Thursday, March 17, 2011

Not a Blarney Stone, or Shamrock Unturned.

Being the good ole Irish-American girl that I am, and now having a wee one of me own, I feel obliged to share a little about past experiences.  In reference to my previous blatherings about how I wish to tell a story, and to pass on a definitive "something" that Aksel can take pride in, an anecdote of our ancestral homeland...

Besides, what better day than this very one?  Em, it is Saint Patrick's Day.  Hullo?! 

First of all, I love to travel!  When I was eligible at eighteen, I applied for a passport.  And, with my blue book in hand, I was off and running, actively seeking to behold the wonders of this wide world. 

As a side note, I've barely left my home, since the age of twelve, without a spiral-bound book, a black felt-tip pen, or two, and liquid paper.  So, in traveling, not only was it crucial that I SEE the world, but it was, for me, a requirement that I also write about it.  It was my personal goal to form knowledgeable, first-hand opinions about differing cultures.  Twas my objective, if ye will, to question people, and myself for that matter, thoroughly and often.  I sought to listen as graciously as I knew how, which I might mention at the time, was not saying very much.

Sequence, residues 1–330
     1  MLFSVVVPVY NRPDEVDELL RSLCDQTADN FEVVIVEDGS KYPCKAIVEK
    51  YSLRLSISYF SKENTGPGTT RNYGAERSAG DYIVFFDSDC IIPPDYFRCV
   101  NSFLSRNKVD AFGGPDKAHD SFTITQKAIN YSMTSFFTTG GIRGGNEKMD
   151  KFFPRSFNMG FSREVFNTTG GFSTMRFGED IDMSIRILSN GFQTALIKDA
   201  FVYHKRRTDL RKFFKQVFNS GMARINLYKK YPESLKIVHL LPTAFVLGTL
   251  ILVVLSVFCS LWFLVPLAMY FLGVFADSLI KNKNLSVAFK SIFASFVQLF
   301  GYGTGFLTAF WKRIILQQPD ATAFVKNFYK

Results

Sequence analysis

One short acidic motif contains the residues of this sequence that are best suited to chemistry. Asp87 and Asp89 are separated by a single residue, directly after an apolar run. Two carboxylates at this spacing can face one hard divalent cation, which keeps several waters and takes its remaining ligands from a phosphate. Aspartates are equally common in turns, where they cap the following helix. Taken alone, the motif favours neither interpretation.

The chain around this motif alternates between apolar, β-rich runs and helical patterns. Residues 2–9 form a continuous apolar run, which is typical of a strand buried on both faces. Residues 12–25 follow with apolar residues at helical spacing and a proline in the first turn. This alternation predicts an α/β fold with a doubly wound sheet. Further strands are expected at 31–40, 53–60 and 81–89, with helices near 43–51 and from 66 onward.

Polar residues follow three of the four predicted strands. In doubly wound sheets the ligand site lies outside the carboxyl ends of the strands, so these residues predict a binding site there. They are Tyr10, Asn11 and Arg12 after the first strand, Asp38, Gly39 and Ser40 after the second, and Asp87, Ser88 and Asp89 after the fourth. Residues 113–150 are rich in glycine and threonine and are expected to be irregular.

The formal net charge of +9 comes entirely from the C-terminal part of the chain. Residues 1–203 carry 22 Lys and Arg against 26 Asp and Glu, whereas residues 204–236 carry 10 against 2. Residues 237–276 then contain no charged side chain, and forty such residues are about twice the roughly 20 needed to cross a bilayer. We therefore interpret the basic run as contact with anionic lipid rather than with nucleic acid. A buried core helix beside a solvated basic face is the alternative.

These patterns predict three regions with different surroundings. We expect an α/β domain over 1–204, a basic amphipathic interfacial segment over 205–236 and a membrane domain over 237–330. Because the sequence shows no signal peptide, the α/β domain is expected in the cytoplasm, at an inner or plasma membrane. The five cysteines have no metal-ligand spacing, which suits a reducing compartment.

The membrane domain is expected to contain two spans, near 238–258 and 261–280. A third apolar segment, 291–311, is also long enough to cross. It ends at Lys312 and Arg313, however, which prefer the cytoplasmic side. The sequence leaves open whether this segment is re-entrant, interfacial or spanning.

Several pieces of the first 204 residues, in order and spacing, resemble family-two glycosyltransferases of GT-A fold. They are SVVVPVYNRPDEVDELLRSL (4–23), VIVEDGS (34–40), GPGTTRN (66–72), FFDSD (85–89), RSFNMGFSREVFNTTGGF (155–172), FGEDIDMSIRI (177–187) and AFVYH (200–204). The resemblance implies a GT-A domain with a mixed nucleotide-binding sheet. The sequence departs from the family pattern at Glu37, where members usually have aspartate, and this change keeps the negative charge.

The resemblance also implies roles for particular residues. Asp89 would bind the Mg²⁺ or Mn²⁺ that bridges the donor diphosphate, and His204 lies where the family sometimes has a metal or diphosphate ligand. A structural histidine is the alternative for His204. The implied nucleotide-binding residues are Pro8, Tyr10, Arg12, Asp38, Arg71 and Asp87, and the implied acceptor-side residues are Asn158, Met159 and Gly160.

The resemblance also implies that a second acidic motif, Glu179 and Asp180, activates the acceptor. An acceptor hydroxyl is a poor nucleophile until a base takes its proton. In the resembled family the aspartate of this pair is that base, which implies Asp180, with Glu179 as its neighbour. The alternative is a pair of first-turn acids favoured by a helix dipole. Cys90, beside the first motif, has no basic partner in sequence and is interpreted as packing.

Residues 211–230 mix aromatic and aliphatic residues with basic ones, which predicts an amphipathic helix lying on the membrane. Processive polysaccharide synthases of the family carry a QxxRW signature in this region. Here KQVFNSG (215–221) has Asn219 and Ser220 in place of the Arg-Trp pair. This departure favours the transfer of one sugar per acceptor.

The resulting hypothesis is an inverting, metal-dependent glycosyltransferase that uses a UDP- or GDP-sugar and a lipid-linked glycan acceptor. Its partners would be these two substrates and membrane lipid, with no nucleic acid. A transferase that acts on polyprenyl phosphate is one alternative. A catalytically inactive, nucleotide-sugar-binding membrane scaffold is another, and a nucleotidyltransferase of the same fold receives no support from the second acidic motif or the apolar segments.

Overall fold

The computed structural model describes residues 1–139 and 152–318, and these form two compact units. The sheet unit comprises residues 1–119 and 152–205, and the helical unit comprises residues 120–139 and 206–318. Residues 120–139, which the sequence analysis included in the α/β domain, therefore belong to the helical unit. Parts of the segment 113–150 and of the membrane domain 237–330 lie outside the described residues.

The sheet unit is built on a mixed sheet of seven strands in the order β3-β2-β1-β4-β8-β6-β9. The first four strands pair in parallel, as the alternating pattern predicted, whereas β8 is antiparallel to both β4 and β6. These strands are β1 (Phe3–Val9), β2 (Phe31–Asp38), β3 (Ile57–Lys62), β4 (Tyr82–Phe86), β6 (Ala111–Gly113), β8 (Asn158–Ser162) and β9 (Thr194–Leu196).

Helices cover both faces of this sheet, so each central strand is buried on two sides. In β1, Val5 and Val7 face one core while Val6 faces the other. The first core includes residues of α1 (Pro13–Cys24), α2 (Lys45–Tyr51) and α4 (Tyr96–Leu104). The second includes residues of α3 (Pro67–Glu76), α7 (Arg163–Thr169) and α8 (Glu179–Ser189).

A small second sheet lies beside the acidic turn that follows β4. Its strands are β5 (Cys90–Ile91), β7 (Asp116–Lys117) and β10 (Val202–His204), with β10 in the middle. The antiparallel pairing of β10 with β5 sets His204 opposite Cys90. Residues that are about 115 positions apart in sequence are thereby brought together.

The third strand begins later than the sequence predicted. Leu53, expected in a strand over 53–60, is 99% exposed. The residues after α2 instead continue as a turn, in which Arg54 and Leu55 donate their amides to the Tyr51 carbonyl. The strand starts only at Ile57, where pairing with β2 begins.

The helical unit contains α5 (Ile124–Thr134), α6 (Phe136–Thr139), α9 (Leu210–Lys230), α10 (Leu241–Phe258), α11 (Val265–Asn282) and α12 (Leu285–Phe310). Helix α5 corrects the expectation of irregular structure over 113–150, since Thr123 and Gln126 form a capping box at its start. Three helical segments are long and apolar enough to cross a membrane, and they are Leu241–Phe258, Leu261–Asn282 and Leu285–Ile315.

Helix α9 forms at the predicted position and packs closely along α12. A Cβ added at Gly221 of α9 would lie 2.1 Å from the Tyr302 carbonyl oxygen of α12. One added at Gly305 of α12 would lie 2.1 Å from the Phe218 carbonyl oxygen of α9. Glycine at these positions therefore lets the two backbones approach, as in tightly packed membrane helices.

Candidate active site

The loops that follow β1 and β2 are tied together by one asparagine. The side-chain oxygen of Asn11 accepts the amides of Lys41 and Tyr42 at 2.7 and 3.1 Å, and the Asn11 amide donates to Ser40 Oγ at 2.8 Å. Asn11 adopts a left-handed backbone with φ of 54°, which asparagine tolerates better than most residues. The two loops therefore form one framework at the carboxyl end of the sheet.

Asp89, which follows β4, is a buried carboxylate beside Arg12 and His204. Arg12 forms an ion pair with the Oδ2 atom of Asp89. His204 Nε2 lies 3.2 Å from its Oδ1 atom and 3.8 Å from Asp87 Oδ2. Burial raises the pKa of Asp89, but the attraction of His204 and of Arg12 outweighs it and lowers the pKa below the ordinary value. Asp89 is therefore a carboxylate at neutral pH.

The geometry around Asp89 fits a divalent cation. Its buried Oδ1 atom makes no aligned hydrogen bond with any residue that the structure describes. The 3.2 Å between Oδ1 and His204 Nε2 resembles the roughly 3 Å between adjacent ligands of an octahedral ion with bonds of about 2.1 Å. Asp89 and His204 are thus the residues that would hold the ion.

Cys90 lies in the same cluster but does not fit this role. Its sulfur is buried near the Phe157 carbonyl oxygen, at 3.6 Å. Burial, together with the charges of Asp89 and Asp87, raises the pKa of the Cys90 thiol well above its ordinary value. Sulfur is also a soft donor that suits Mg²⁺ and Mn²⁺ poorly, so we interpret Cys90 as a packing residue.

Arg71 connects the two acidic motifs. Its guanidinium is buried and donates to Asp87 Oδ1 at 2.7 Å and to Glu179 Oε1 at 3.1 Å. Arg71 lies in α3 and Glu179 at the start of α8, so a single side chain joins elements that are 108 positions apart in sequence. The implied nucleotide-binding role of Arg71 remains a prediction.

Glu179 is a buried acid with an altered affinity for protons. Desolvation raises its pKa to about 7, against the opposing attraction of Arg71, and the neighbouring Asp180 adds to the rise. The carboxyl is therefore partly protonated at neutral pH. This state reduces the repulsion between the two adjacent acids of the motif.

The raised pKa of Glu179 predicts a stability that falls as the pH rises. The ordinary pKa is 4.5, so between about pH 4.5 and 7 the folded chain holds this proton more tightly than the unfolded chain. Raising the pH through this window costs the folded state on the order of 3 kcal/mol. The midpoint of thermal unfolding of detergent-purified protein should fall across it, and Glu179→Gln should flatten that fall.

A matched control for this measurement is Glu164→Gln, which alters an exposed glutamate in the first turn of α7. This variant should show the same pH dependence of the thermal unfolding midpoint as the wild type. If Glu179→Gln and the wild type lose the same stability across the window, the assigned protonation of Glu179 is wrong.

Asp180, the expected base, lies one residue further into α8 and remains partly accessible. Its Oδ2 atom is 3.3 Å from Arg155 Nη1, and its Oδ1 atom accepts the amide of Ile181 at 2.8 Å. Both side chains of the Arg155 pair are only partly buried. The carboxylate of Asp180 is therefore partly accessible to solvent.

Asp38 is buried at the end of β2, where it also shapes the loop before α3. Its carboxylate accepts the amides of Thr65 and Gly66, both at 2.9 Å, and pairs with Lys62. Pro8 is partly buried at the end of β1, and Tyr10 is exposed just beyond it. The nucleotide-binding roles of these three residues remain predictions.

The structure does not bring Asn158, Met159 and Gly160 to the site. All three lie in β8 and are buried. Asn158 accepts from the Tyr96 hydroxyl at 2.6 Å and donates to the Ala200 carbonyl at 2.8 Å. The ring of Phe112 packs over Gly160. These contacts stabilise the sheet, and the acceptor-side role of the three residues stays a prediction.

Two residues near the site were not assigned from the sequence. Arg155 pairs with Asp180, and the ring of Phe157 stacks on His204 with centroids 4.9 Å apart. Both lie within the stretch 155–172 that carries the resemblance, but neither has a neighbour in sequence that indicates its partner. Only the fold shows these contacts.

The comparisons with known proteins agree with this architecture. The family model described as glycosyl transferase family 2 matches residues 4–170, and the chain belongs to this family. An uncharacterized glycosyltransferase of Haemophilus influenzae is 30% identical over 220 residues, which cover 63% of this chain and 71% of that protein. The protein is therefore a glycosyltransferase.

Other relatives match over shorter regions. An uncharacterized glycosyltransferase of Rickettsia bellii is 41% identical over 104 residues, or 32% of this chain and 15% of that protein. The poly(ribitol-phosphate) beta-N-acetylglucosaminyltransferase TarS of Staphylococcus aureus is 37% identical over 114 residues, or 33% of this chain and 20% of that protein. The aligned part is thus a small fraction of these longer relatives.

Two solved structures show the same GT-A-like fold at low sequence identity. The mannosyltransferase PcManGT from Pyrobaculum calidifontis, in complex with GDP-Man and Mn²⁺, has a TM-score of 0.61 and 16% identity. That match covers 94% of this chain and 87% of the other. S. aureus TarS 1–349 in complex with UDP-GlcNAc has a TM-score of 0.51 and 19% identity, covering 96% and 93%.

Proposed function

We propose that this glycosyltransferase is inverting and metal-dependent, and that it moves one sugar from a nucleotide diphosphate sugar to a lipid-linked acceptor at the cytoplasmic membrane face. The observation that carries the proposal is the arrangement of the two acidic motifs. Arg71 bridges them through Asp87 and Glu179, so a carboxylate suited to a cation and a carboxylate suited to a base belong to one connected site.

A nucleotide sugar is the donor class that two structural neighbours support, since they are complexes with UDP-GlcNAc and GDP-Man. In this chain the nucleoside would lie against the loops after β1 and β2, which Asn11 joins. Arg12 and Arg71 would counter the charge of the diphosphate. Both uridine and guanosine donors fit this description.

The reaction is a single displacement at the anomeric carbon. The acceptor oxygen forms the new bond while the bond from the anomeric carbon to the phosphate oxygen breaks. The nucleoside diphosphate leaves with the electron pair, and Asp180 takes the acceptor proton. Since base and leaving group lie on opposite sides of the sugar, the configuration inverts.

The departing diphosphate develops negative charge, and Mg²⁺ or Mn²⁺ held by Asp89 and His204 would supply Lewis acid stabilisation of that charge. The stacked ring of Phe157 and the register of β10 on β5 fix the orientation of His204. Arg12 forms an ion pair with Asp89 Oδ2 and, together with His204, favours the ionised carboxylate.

Basically speaking, I didn't want to leave a Blarney Stone, or a shamROCK unturned!

So, when it came time to navigate my travels, it was totally necessary I visit Ireland.  It was for me, a Mulligan, a sort of sacred journey, my very own rite of Irish passage. 

I attempt now, with my honest-born gift of gab, and my slew of dusty journals to recount my most special Celtic memory.

Proudly Irish, I'll always be a Mulligan!

I was twenty-one when I first visited Ireland.  A junior in college, and not a smidge scared, I packed my bag and left for the green isle.  On my flight's descent into Dublin, I felt overcome with emotion.  Staring out my tiny window, I felt strangely prepared.  Like I was there to solve some familial mystery, and I'd studied my evidence the night before.  I had, in fact, just received a lengthy email from my father, tracing our genealogical roots, which had been cleverly prepared by my priest-for-a-cousin, Kenny (aka. Abbott Matthew Leavy).  There were countless cousins, aunts, and uncles, who were born in such & such county, and had X amount of children, with silly names like Cornelius... it went on and on.  Albeit, I came to Ireland out of curiosity, with just a sliver-of-a-plight to answer questions for myself, about my past.

Growing up in a small southern town, with a tangled mass of dark curls, and an unforgiving name like Gillian Eleanor Mulligan, I didn't exactly blend in!   I was tormented actually, and felt inferior for a great part of my childhood.  For quite some time, I resented my heritage.  Not because I wasn't proud to be of Irish descent per se, but because I was so physically different looking than my classmates.  People always asked what ethnicity I belonged to, and oftentimes it embarrassed me!  So, I came to see what the people of Ireland were like.  To observe how they looked, and to compare how I was or was not similar.  Did I, in fact, look like an Irish woman?